Magnetism generated by the geometric arrangement of Kagome star-shaped molecules



The “kagome” star-shaped molecular structure of the 2D metal-organic material leads to strong electronic interactions and significant magnetic properties (left: STM image, right: non-contact AFM). Credit: FLEET

  • 2D kagome materials are a platform for tunable electron-electron interactions
  • “Star-like” atomic-scale kagome geometry “activates” magnetism in 2D organic material

A 2D nanomaterial made up of organic molecules bound to metal atoms in a specific geometry at the atomic scale exhibits significant electronic and magnetic properties due to strong interactions between its electrons.

A new study, published today, shows the emergence of magnetism in a 2D organic material due to strong electron-electron interactions; these interactions are the direct consequence of the unique, star-like structure at the atomic scale of the material.

This is the first observation of local magnetic moments emerging from interactions between electrons in an atomically thin 2D organic material.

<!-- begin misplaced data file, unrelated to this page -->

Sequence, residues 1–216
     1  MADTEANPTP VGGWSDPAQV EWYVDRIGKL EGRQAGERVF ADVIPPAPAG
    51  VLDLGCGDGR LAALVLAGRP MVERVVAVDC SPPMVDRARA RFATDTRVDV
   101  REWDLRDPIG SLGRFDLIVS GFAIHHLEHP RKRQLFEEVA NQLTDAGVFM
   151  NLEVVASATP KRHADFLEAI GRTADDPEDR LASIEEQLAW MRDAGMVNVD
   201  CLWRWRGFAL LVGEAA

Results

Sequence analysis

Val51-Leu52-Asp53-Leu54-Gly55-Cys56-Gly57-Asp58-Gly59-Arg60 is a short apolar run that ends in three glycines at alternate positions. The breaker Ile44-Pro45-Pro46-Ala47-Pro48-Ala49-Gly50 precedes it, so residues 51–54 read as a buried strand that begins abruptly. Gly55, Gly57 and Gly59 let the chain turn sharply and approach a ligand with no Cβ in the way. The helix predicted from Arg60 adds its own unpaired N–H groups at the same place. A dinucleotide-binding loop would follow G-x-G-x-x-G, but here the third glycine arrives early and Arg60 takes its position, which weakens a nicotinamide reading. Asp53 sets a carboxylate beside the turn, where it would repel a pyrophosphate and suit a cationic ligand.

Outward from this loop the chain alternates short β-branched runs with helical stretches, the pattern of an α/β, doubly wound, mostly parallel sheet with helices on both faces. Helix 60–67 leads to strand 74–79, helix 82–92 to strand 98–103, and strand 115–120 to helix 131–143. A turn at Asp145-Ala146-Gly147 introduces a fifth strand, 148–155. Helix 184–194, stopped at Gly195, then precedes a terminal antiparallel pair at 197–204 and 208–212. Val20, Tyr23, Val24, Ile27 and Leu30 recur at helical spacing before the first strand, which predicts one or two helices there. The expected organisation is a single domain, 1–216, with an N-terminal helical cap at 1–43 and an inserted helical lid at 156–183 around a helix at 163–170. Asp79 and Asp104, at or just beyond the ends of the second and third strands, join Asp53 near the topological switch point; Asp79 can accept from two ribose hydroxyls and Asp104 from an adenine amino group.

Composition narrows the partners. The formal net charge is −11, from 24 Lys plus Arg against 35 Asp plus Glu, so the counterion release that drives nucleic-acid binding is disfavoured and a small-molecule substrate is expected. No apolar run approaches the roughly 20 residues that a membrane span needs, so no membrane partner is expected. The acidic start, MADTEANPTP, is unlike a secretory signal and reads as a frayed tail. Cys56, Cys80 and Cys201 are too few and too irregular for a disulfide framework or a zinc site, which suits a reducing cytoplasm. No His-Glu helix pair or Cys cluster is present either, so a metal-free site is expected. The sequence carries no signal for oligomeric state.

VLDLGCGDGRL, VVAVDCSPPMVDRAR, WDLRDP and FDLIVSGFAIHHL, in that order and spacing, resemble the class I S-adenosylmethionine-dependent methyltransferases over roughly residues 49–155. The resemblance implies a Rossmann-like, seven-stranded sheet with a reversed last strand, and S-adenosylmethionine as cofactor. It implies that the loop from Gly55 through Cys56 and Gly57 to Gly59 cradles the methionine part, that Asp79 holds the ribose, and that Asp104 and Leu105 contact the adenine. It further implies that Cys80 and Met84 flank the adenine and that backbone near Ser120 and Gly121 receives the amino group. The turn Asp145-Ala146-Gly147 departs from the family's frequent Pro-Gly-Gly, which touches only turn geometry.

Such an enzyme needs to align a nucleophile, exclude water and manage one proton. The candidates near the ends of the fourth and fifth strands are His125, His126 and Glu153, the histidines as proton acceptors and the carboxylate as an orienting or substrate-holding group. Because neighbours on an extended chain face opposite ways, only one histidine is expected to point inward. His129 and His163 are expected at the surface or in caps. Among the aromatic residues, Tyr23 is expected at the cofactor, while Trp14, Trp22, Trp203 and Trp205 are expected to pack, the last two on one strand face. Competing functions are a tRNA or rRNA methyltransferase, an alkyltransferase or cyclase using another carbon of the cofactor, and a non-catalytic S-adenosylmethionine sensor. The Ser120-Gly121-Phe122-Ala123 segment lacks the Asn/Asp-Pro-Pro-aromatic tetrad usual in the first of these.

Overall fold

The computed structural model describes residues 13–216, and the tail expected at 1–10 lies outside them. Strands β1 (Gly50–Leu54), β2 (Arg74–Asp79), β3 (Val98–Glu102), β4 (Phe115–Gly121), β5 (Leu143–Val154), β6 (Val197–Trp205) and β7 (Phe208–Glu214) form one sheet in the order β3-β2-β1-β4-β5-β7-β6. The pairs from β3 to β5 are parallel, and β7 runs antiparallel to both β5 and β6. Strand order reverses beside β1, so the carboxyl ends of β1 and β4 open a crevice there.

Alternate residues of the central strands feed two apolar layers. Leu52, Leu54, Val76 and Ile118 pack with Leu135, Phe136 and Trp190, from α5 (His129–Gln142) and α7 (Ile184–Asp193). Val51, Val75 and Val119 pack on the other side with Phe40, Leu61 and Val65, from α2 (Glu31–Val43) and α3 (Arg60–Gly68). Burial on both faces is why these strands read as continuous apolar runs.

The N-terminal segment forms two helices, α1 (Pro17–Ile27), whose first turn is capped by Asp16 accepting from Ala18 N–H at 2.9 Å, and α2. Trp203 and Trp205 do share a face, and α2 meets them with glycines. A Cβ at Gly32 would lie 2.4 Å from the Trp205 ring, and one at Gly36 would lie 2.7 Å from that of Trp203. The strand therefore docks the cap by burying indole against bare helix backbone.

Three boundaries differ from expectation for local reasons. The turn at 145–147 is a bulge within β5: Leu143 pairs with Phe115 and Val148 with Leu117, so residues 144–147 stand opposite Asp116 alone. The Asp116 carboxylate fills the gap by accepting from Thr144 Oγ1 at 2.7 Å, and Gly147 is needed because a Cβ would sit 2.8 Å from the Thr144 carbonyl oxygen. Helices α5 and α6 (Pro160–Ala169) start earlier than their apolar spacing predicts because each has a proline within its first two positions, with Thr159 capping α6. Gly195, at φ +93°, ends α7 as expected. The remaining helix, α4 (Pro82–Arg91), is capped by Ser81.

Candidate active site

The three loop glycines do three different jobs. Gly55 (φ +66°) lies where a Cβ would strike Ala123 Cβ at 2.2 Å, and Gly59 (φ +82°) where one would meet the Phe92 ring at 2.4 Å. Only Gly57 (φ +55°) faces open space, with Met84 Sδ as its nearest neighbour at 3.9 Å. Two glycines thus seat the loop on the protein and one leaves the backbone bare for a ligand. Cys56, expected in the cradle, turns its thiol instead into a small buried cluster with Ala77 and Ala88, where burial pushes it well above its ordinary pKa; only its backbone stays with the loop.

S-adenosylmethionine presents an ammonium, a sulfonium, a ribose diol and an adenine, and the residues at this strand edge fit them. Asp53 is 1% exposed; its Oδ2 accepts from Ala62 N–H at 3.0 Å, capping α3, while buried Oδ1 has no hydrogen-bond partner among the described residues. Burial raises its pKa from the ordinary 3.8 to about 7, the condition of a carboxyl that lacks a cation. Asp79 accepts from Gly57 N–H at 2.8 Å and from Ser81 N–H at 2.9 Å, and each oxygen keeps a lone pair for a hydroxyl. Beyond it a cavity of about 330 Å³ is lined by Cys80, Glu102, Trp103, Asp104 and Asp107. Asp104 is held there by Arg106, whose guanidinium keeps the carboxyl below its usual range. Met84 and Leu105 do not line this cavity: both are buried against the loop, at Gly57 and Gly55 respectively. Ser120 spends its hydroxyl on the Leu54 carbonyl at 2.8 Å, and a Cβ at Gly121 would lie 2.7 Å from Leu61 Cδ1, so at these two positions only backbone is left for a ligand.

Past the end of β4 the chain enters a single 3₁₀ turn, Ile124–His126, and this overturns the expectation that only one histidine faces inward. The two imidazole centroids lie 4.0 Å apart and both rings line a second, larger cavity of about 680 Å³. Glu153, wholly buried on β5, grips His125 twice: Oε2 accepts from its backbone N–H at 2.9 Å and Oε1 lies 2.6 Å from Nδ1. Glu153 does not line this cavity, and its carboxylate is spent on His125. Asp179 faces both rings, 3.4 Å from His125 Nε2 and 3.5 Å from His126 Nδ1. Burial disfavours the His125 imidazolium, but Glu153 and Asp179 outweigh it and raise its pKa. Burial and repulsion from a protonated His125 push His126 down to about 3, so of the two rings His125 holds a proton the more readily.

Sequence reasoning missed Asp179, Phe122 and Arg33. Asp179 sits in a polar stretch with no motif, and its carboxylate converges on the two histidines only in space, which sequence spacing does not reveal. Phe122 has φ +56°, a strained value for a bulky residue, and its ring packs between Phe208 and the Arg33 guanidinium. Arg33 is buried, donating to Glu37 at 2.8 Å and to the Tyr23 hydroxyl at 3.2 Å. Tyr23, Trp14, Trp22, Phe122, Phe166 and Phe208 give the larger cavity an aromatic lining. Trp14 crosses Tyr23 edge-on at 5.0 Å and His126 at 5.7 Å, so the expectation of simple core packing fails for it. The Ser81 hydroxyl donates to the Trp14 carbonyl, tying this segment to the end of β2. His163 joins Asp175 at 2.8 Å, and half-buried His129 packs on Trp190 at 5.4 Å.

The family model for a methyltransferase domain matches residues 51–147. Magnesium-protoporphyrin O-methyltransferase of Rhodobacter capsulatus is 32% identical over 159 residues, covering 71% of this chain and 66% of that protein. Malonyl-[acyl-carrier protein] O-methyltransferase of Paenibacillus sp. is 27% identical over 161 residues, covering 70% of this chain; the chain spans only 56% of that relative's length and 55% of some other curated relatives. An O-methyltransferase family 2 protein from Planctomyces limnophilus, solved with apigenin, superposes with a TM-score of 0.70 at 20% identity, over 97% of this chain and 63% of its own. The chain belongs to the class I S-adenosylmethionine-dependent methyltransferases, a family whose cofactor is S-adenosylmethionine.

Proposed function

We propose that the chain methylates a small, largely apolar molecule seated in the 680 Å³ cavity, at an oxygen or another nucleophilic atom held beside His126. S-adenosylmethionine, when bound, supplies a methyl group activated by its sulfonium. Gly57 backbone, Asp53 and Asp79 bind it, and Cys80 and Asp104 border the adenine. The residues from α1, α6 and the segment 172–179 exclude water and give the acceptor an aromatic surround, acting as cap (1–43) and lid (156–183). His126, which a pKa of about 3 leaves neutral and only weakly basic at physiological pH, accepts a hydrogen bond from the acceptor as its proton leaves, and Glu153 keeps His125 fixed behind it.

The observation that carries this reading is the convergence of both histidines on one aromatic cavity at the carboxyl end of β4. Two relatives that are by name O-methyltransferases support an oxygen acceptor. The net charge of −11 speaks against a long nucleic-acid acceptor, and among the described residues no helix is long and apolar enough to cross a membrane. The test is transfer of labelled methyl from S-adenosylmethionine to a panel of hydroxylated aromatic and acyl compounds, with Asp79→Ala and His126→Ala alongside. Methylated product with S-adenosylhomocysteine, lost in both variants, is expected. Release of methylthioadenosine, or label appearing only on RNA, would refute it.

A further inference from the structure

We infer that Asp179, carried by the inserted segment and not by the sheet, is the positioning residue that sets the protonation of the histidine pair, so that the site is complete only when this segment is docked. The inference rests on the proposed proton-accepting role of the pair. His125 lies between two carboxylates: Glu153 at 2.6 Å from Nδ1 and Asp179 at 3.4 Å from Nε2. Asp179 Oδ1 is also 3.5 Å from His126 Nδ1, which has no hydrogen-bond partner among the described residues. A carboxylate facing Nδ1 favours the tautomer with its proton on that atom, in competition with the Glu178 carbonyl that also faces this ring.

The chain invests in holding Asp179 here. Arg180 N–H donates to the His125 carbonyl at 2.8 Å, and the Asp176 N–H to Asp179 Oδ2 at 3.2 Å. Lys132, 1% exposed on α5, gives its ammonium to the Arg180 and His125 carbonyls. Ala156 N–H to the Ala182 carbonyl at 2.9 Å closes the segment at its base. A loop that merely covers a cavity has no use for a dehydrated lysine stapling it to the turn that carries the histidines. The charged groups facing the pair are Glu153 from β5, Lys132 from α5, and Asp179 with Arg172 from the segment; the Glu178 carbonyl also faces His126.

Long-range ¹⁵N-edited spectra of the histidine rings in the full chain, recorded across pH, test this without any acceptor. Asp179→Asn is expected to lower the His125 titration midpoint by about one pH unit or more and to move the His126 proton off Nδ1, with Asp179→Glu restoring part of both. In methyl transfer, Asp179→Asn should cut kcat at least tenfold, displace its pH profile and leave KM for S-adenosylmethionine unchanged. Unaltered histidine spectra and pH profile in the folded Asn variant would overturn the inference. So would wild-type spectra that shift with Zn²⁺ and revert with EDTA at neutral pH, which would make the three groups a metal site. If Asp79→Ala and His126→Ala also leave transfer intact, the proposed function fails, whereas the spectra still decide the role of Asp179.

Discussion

The results have potential for applications in next-generation electronics based on organic nanomaterials, where tuning interactions between electrons can lead to a wide range of electronic and magnetic phases and properties.

Strong electron-electron interactions in a 2D organic body kagome Equipment

The Monash University study investigated a 2D metal-organic nanomaterial composed of organic molecules arranged in a kagome geometry, ie following a “star-shaped” model.

Dhaneesh kumar

“Where does local magnetism come from? Lead author Dr Dhaneesh Kumar asked and answered this key question. Local magnetism is the consequence of electron-electron interactions within the metal-organic 2D star assembly. Credit: FLEET

The 2D metal-organic nanomaterial consists of dicyanoanthracene (DCA) molecules coordinated with copper atoms on a low interacting metal surface (silver).

Using precise and atomically precise scanning probe microscopy (SPM) measurements, the researchers discovered that the 2D organometallic structure – whose molecular and atomic building blocks are in themselves non-magnetic – harbors confined magnetic moments. at specific locations.